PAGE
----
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How often have you made a particularly difficult decision as a planning commissioner but then left the room relieved that any angry people you failed to placate can appeal to the governing body?
Most communities give that recourse to citizens and it is generally a good idea. As an appointee, you do not have the same responsibility to the electorate as your community's elected body.
However, you are not doing your proper job as an appointed official if most of your commission's opinions are appealed, and especially, if a majority of your rulings are subsequently overturned. If that happens often, you may think you are taking the high road and the elected officials are merely pandering to the voters, but it also may be a signal that you and your fellow commissioners are out of step or have not done all you could to lobby for your points of view. ...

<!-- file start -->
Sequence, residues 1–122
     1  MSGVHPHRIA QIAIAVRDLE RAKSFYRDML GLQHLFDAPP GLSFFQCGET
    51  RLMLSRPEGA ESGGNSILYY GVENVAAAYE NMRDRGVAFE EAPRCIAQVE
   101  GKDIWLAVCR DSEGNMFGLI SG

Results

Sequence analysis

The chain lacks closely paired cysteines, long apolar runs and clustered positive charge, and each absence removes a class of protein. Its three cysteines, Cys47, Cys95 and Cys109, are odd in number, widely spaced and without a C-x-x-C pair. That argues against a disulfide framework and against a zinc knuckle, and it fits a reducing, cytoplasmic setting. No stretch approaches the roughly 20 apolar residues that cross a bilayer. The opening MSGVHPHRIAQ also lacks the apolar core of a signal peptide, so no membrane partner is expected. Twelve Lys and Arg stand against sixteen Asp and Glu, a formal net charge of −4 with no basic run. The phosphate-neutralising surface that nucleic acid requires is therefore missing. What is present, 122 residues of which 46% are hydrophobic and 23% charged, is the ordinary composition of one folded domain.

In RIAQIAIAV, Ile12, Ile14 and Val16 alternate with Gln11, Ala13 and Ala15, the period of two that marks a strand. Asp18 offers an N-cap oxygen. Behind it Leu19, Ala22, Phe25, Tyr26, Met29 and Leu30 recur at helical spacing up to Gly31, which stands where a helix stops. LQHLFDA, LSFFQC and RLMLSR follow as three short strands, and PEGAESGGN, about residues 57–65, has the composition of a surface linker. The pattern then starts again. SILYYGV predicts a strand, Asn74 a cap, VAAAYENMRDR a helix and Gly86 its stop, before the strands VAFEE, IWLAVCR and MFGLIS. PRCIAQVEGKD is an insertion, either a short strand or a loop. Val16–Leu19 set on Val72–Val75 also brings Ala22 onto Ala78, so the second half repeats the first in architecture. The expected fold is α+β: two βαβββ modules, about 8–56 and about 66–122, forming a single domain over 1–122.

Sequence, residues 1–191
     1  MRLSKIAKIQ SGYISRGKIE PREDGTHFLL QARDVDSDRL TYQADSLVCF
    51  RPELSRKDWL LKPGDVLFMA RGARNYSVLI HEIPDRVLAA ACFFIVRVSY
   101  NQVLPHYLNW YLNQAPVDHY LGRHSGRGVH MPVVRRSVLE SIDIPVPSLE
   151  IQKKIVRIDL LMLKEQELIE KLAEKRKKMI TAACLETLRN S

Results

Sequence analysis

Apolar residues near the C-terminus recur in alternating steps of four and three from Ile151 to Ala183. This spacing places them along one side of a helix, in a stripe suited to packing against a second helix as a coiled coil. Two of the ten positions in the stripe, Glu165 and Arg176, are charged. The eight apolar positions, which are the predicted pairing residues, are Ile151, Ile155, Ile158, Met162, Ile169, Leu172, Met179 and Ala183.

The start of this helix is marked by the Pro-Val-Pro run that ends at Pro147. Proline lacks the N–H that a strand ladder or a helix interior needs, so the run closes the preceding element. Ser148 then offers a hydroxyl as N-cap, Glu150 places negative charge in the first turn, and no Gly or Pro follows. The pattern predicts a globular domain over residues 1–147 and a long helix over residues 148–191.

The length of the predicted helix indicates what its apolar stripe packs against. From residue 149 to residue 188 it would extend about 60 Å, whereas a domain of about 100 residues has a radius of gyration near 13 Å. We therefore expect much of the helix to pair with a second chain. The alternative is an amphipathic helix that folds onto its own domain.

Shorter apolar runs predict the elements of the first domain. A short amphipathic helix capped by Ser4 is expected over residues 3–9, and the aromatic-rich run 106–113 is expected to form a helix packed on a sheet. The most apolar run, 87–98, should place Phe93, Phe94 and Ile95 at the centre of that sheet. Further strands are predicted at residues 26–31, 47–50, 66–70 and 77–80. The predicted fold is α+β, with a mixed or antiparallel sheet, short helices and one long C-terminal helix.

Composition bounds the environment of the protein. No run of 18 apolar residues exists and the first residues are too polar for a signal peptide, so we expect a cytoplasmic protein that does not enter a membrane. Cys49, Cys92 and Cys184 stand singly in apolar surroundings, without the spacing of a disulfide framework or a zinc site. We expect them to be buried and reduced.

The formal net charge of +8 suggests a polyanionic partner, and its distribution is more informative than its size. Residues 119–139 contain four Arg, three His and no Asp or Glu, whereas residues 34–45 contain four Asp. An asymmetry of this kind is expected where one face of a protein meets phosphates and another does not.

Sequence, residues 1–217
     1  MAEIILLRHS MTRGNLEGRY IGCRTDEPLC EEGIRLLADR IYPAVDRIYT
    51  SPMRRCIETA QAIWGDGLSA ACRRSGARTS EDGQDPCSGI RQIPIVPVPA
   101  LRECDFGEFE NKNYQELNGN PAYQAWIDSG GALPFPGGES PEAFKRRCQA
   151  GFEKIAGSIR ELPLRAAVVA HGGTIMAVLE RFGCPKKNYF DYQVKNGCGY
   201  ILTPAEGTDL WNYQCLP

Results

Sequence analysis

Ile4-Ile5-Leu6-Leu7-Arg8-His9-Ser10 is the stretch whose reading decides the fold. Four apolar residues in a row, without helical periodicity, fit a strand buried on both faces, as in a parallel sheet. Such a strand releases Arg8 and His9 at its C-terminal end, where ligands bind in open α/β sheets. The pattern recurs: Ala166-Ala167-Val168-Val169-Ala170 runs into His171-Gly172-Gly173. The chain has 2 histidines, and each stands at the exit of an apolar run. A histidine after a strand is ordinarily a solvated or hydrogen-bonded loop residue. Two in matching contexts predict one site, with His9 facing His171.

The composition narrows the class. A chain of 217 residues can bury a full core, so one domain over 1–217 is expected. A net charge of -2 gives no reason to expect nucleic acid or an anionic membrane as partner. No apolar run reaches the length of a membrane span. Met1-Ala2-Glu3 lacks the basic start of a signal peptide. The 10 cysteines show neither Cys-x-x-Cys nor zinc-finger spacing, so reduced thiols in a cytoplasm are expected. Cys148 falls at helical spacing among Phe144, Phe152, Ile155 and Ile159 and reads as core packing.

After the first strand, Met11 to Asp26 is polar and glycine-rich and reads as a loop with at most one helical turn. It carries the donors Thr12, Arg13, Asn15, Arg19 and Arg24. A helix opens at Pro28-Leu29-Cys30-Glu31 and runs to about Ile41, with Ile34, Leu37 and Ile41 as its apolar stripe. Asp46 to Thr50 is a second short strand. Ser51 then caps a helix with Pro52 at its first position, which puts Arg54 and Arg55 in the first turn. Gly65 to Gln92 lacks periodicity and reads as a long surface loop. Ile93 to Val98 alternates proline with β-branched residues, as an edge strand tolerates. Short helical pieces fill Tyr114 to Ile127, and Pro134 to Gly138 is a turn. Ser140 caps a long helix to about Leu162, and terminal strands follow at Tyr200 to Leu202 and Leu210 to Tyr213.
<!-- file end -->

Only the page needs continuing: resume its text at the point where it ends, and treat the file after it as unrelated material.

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Elaine Cogan, founding principal of the Portland, Oregon planning and communications firm of Cogan Owens Cogan, has consulted for more than 36 years with communities undertaking strategic planning and visioning processes. Cogan has been honored for her work on a variety of citizen involvement projects.